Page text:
The book starts off with a sniper taking out five people with six shots. An investigation quickly points to former military sniper James Barr. After his arrest, he gives one statement – you’ve got the wrong guy and get me Jack Reacher. After seeing this story on the news, Jack Reacher makes his way to Indiana to keep the promise he made to James Barr. To the surprise of the attorney defending Barr, Reacher explains that he is not there to clear Barr’s name, but there to make sure that he gets put away for what he did. With Reacher on the case, he realizes that things are not quite as simple as they seemed. The slam-dunk case starts to unravel. Despite coming to help put away James Barr, Reacher cannot suppress the truth.
I found the bad guys in “One Shot” to be particularly interesting. “I would once have killed to eat. And killed was the truth. Linsky had no illusions. None at all. The Zec and he were bad people made worse by experience. Their shared suffering had conferred no grace or nobility. Quite the reverse. Men in their situation inclined toward grace and nobility had died within hours. But the Zec and he had survived, like sewer rats, by abandoning inhibition, by fighting and clawing, by betraying those stronger than themselves, by dominating those weaker.” (One Shot, pg 272). I just thought this was an interesting reflection. It’s not often that someone is so honest. The Zec and Linsky made interesting antagonists.
Would I recommend this book? Yes, I think Lee Child does an amazing job with Jack Reacher. “One Shot” was no different. I do wish that I had read the book before seeing the movie. That was the only difference with this book over the others I’ve read – I had a general idea of where the story would go and I prefer to be surprised. But it was still a great read and I already put the next book in the series in my to-be-read pile.
“The Enemy” by Lee Child is the eighth book in the Jack Reacher series. What was fun and different about this book was that it took place further in the past, before Reacher left the army to explore civilian life. That is how we meet him in the first book. Also in the first book (spoiler alert) Reacher finds himself part of a murder investigation and learns that the victim was his brother.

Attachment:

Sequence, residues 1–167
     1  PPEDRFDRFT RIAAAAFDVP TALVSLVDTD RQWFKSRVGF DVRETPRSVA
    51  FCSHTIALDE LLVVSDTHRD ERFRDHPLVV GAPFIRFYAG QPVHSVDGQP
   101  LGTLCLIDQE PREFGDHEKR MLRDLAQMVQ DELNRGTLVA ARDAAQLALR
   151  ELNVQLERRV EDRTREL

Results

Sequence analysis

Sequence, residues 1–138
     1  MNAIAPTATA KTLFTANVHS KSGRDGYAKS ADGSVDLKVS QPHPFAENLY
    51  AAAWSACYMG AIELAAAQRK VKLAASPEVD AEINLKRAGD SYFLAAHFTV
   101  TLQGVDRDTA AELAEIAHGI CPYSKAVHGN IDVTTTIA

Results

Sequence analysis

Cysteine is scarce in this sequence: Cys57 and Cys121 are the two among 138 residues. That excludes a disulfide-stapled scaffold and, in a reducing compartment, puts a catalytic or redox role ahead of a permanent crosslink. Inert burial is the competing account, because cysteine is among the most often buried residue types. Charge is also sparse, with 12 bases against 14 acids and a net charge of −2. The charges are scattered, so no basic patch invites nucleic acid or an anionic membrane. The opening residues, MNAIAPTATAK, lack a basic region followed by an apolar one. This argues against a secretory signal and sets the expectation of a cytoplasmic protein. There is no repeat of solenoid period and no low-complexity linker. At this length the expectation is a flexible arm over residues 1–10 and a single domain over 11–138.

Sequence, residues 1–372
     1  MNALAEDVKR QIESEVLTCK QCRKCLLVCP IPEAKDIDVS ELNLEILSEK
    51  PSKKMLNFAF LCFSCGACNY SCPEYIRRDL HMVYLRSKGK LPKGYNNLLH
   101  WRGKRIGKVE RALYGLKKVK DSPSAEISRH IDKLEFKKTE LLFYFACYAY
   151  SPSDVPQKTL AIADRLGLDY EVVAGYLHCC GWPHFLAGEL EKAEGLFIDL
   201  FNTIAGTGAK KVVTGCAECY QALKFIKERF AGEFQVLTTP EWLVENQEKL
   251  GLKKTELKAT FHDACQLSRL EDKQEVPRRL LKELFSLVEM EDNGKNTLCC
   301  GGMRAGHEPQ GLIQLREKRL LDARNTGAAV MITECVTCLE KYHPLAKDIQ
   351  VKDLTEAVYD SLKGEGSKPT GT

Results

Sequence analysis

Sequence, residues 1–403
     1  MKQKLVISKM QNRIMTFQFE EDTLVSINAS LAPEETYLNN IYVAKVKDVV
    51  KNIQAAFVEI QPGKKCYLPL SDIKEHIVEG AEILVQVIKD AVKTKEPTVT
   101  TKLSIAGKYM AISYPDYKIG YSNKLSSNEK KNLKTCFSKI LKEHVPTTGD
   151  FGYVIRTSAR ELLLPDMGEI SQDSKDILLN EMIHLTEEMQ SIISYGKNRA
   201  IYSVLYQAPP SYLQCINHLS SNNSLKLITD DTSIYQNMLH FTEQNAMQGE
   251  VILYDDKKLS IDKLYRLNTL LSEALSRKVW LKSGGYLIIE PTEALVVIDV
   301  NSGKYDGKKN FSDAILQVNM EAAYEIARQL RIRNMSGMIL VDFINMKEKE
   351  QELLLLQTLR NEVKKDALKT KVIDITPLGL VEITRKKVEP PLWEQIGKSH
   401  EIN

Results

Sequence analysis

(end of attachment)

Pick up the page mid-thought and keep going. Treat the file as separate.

I always found the relationships between Jack and Joe Reacher to be curious. It wasn’t that they didn’t care about one another; they just were never overly close. I consider myself to be very close with my siblings, so I find it hard to believe that one could be so estranged from their brother when there was nothing really wrong there. In “The Enemy” we get to see the Reacher brothers together for the first time and it was a nice change of pace. “Joe was probably the only other human on the planet who liked coffee as much as I did. He started drinking it when he was six. I copied him immediately. I was four. Neither of us has stopped since. The Reacher brothers’ need for caffeine makes heroine addiction look like an amusing little take-it-or-leave-it sideline.” (The Enemy, pg 81).
I really enjoyed how in “The Enemy” we get to learn more about Reacher’s relationship with his brother and his relationship with his mother. While he is trying to figure out who the enemy is that he is battling, Reacher learns that his mother is very sick and dying. Not only did we get to learn about his relationship with his mother, but Joe and Jack learn more about her after she dies. It was really interesting to get a better picture of why Jack Reacher is the way he is, beyond just how he was shaped growing up in the army.
Would I recommend “The Enemy”? Absolutely, I really enjoyed this book. I think that it was brilliant for Lee Child to spend some time on a story that takes place in the past so we could learn more about how Reacher grew into the man we know from the first seven books. I highly recommend this series. It is very well written and I’m already salivating waiting to start the next book, which I’m certain I will devour as well. Lee Child has a real gift for writing and considering there are at least ten more books in the series – I have a feeling that he is just getting started.